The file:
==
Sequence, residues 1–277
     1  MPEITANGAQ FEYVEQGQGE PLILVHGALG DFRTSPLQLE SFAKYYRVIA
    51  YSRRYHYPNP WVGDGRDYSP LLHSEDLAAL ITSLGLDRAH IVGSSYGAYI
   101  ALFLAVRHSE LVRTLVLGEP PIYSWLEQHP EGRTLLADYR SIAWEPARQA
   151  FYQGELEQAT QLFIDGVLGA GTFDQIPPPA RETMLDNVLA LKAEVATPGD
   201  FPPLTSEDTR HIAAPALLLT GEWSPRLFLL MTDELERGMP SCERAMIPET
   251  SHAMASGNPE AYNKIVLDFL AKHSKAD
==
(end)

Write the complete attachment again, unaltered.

Sequence, residues 1–277
     1  MPEITANGAQ FEYVEQGQGE PLILVHGALG DFRTSPLQLE SFAKYYRVIA
    51  YSRRYHYPNP WVGDGRDYSP LLHSEDLAAL ITSLGLDRAH IVGSSYGAYI
   101  ALFLAVRHSE LVRTLVLGEP PIYSWLEQHP EGRTLLADYR SIAWEPARQA
   151  FYQGELEQAT QLFIDGVLGA GTFDQIPPPA RETMLDNVLA LKAEVATPGD
   201  FPPLTSEDTR HIAAPALLLT GEWSPRLFLL MTDELERGMP SCERAMIPET
   251  SHAMASGNPE AYNKIVLDFL AKHSKAD